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My Crack-pot Predictions for 2004

Now that’s 2004 I’ll go ahead and do my part in predicting what we’ll see in the year ahead. The predictions below are completely unscientific and highly biased…

  • Weblogs will continue to grow in visibility (I know- no duh). But I think that we’ll see even more mainstream coverage- the Weblog phenomenon will grace the cover of a news magazine like Time or Newsweek- possibly based on the success of the Dean campaign.

     

  • This increase in visibility will cause many non-high-tech companies to look for ways to make weblog content a part of their front page. 2004 will mark the end of static content on many business web sites. We’ll start to see major corporate web sites include constantly updated, conversational resources on their front pages.

     

     

  • RSS will get a new name and a newsreader application will emerge as the best-in-class. This will help it start to move from the realm of early adopters to the mainstream. However, it won’t be truly mainstream until 2006.

     

     

  • RSS will be showing up everywhere. As Jeremy Zawodny put it:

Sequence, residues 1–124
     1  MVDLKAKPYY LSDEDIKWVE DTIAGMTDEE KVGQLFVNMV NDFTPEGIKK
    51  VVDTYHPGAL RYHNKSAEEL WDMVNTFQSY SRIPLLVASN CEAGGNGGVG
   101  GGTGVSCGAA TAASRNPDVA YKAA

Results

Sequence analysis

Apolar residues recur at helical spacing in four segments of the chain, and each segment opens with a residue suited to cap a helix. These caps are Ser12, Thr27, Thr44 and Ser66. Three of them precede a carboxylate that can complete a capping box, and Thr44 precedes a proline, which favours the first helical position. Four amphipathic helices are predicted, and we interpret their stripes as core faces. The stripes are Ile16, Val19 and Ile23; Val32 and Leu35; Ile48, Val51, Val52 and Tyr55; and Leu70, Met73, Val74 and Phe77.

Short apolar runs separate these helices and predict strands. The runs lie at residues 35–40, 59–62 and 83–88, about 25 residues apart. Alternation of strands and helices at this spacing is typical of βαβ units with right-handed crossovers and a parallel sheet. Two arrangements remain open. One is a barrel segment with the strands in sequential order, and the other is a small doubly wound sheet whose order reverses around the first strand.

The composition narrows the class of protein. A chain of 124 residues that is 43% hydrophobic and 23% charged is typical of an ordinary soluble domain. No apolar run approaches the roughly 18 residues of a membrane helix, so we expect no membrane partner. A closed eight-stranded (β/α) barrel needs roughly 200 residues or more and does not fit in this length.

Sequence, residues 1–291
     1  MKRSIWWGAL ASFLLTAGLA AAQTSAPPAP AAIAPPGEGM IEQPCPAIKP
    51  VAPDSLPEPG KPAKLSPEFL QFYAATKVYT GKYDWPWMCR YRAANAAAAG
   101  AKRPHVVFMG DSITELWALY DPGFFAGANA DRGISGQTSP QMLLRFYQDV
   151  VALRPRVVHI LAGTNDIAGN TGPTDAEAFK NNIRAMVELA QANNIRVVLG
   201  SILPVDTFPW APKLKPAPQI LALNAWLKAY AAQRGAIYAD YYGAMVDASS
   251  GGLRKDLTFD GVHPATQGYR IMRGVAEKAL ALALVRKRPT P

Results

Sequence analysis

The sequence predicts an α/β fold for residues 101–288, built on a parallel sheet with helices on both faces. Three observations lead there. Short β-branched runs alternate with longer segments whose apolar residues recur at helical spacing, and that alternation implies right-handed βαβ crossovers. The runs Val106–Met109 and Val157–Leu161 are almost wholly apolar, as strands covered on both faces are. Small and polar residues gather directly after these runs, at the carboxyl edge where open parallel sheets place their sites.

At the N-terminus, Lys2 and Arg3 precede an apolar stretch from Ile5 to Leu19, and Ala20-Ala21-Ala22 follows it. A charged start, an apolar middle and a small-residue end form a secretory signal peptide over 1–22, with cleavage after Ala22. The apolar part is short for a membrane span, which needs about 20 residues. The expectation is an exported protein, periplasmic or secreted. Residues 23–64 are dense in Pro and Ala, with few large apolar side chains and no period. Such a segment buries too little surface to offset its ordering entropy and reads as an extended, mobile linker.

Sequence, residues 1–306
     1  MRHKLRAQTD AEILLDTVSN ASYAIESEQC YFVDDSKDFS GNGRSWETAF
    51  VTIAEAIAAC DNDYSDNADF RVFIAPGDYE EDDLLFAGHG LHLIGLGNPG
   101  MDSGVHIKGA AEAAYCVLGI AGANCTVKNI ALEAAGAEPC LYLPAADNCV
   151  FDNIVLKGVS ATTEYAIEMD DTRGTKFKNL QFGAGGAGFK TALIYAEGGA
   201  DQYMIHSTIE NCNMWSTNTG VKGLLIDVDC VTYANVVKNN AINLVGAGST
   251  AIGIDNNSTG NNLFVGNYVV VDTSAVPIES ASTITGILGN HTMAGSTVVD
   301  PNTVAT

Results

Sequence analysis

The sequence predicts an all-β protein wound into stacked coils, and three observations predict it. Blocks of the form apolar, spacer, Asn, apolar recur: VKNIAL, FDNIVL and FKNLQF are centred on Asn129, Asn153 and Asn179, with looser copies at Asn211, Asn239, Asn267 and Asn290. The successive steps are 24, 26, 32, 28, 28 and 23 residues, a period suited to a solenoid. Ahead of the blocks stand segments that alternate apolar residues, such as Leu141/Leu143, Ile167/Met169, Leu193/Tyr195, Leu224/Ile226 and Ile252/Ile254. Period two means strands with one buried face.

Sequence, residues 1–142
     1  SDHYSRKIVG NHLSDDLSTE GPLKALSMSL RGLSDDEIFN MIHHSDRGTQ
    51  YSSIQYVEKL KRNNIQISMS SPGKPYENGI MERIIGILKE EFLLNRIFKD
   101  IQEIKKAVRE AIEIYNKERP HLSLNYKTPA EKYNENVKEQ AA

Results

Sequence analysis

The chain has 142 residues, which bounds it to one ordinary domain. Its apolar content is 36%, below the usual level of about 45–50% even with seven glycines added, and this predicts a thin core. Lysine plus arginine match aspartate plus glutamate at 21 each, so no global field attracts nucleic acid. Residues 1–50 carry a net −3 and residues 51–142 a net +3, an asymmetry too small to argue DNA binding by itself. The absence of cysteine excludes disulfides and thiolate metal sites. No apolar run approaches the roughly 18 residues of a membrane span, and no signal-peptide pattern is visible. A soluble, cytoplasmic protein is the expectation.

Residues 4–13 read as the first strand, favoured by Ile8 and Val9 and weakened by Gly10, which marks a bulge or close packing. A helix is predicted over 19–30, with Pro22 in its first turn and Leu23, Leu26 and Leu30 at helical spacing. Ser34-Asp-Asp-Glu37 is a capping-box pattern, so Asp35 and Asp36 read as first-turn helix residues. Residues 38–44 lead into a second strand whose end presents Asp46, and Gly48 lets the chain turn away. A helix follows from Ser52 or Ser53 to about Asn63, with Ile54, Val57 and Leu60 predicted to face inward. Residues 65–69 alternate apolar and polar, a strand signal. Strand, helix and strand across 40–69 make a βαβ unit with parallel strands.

Remember when you first starting seeing URLs appear on billboards and at the end of movie trailers? So do I. It's going to be like that. One day we're just going to look around and realize that RSS is popping up all over the place. And a couple years later, we'll all wonder how we ever got along without it.

     

  • For the first time, we’ll see a report that spam is decreasing. This will be because of new tools and the growing awareness that buying from a spammer is like feeding a stray cat. The business model will show the first signs of crumbling. Anti-spam legislation will have little affect on the spammers.

     

     

  • The Dean campaign will be victorious. History will show that Dean won because he was able to use the Internet and grassroots efforts to encourage the young and disenfranchised to vote. People who previously did not vote will come out in great numbers to support Dean.

     

     

  • Social Software like Friendster, Linked-In, Tribe, Huminity, etc, will continue to grow and experience growing pains. As a side effect, businesses will look for ways to enable Friendster-like connections between customers.

     

    And, of course...

     

  • Common Craft will grow quickly and become a leading consultancy in the field of helping businesses use weblogs and online communities to connect with customers, save support costs and increase market visibility.